Taylor and colleagues (Taylor et al., 1995; Wayment & Taylor, 1995) summarized the self-evaluation literature and described ten basic information types that may also be used to create relational standards (Wayment & Campbell, 2000). This existing framework seems well suited to undertake one of the first investigations of information use in forming relational standards. Objective information may include thinking about religious prescriptions or advice, including books and advice from relationship experts, or feedback. Previous relationship experiences, both one's own and those of others, have been argued to figure prominently into one’s relational standards (Thibaut & Kelley, 1959). For example, individuals may form expectations about romantic relationships from what they have witnessed from either the positive or negative aspects of their parent’s relationship or the relationships of extended family or friends (e.g., social comparison information; Festinger, 1954). Or, having witnessed good communication patterns between one's parents (e.g., a form of upward social comparison information) may lead an individual to expect the same in their own relationship. Conversely, perhaps watching one's parents' marriage disintegrate due to infidelity (e.g., a form of downward social comparison information) may influence one to value trust and fidelity in their romantic relationships. Relationship standards may also be influenced from what individuals have learned from past relationships (e.g., temporal comparison information; Albert, 1977). For example, individuals who have experienced very satisfying relationships in the past will tend to expect and feel that they deserve similarly positive experiences in their current relationships. Finally, individuals may incorporate their visions of hoped-for and feared scenarios into their relational standards (Markus & Nurius, 1986). Rusbult, Onizuka, & Lipkus (1993) found college students' ideas of ideal romantic involvement were derived from social norms and media images, which are a form of idealized information.

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Moderators of Information Use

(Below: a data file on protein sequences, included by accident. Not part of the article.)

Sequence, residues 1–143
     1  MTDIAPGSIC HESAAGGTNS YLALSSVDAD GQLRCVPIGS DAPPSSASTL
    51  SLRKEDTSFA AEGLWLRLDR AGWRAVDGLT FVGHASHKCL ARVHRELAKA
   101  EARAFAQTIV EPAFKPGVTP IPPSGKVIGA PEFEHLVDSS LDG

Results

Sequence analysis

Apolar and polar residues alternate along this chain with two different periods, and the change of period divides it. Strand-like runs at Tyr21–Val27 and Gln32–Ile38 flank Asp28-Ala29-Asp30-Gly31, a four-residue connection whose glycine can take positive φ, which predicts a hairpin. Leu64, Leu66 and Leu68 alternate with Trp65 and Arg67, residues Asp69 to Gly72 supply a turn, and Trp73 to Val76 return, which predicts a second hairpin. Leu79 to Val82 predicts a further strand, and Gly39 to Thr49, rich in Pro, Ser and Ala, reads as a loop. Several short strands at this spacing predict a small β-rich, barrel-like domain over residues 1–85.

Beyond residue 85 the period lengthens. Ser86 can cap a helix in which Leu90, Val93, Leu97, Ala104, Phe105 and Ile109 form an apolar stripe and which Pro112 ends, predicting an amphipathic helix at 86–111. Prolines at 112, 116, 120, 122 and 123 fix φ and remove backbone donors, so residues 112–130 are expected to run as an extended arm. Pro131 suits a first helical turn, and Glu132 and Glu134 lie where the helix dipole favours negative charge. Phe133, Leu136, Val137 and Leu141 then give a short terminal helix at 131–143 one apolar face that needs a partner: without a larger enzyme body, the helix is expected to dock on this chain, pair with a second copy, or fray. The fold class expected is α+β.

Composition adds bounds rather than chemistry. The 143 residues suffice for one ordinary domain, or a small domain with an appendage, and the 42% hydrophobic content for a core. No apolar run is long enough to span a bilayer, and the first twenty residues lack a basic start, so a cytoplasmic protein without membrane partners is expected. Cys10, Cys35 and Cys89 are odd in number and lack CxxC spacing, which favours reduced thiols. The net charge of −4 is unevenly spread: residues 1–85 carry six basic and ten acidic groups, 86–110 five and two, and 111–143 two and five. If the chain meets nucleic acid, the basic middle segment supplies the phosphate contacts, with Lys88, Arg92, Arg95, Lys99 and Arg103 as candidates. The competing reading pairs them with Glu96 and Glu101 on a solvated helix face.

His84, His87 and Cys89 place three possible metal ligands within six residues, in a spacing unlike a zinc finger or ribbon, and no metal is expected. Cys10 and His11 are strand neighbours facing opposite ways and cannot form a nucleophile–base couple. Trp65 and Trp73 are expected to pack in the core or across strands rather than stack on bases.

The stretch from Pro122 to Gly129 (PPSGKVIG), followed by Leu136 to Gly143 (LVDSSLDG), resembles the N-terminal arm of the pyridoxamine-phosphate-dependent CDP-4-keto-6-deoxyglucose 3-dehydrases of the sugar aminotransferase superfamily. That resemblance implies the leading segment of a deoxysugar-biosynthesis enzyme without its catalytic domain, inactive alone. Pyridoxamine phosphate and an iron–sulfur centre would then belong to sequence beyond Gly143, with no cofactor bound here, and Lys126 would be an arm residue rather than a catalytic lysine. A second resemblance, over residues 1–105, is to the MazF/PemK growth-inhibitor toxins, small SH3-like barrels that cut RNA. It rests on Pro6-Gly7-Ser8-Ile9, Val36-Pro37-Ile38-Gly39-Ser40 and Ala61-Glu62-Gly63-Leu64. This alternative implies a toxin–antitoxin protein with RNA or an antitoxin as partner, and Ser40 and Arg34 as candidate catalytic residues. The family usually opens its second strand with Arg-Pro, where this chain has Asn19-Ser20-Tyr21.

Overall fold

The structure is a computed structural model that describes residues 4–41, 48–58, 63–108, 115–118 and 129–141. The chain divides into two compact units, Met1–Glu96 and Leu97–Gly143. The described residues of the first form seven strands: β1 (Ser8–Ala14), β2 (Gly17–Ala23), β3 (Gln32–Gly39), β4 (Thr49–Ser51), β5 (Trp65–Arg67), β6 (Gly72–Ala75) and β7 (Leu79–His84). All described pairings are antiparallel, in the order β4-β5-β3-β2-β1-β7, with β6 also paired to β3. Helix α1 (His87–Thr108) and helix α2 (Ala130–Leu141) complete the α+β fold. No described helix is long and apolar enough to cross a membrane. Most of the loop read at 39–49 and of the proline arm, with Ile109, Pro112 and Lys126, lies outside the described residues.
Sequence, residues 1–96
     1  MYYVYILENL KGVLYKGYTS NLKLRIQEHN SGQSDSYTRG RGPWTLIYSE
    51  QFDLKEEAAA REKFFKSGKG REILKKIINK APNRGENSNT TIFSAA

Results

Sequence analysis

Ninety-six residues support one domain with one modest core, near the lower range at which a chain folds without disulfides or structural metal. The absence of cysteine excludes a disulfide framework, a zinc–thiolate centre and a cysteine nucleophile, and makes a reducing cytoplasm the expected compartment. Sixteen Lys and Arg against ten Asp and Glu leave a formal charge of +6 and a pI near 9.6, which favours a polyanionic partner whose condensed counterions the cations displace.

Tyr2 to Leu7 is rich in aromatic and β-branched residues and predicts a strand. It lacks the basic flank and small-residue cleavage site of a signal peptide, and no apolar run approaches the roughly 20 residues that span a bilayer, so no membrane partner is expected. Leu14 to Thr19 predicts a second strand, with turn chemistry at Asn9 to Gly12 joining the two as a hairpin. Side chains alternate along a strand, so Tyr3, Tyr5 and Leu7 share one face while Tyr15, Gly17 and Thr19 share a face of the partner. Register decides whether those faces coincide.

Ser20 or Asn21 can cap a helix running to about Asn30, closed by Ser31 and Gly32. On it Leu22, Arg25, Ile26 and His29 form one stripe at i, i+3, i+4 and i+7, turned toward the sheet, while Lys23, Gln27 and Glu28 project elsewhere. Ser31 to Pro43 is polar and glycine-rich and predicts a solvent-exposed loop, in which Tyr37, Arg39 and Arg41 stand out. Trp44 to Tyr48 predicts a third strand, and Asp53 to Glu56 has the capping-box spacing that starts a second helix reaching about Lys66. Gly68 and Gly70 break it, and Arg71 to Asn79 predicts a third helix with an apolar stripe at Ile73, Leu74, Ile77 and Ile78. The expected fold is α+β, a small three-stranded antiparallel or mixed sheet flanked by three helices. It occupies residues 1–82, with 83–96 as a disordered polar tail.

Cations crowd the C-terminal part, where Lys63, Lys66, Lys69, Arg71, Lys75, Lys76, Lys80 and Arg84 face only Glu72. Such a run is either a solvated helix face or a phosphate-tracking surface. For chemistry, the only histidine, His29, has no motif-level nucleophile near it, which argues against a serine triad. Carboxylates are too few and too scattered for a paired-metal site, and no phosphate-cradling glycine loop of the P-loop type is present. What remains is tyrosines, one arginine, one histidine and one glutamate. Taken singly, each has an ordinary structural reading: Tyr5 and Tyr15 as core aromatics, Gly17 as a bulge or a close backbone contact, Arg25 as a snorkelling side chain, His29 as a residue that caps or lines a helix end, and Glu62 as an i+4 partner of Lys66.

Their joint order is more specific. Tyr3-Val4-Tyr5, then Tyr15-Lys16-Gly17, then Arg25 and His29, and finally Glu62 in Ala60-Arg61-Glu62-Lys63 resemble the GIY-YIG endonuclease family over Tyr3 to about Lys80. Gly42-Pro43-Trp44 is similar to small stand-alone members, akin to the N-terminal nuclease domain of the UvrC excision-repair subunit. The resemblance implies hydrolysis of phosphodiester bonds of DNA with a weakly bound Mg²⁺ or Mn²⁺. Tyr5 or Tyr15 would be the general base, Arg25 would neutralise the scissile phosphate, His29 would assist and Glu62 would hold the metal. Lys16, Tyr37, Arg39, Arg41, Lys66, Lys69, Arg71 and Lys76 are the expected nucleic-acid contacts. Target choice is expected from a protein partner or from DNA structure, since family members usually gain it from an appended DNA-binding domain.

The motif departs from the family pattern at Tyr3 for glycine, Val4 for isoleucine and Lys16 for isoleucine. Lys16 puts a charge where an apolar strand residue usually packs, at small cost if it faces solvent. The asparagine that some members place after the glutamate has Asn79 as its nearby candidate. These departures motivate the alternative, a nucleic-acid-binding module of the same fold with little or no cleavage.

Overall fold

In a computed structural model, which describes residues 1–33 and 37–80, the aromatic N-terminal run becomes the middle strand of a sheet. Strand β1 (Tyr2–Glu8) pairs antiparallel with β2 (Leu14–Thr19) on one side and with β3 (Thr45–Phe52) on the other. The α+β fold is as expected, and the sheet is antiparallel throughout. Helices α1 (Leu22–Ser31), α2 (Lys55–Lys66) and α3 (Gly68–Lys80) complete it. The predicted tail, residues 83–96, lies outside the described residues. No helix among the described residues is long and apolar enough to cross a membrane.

Do individuals differ in their preferences for information they use to create relational standards? Such differences may help explain why some individuals develop more positive and healthy relationship models while others form more dysfunctional models (Feeney, 2004). In this study I will examine whether individual difference factors associated with negative relationship expectancies (insecure forms of attachment, parental divorce, and relationship abuse history) are differentially related to the perceived importance of information used to create relational standards. Attachment theorists argue that attachment styles (secure, anxious, and two types of avoidant attachment styles) leads to expectations for the self and others. These expectations may affect the type of information used to create relational standards. For example, an individual with an insecure attachment style may have a history of unsuccessful relationships and may incorporate more negative forms of objective, temporal, and social comparison information. On the other hand, given how insecurely attached individuals vacillate between hopefulness and hopelessness with respect to relationships, perhaps their standards are infused with extremely unrealistic information. Holmberg and Romaine (2005) recently reported that avoidant attachment is related to specific negative relational beliefs and expectations that could lead to self-fulfilling behaviors. Other kinds of personal experiences may also influence how objective, temporal and social information are molded into personal standards. For example, the literature on parental divorce suggests that divorce may have an impact on adolescents' beliefs about love and relationships (Sprecher, Cate, & Levin, 1998). A negative divorce experience may increase exposure to negative forms of relationship information, making it more important in the creation of relational standards. Research on abuse suggests that early abuse predicts the formation of disrupted cognitions, making it more likely victims will be accepting of future relationship violence and other negative relationship dynamics (Ponce, William, & Allen, 2004).